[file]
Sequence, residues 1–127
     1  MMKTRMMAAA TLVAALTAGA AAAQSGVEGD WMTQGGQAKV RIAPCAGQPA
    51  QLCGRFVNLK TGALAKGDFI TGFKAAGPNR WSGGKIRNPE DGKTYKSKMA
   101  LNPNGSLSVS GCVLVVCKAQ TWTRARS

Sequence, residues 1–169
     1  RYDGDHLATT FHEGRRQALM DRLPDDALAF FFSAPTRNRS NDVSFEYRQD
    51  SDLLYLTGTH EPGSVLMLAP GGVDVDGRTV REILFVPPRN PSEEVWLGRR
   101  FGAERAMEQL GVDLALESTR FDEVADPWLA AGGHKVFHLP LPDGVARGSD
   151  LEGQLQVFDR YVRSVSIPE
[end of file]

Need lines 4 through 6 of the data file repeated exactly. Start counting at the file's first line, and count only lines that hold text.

   101  LNPNGSLSVS GCVLVVCKAQ TWTRARS

Sequence, residues 1–169
     1  RYDGDHLATT FHEGRRQALM DRLPDDALAF FFSAPTRNRS NDVSFEYRQD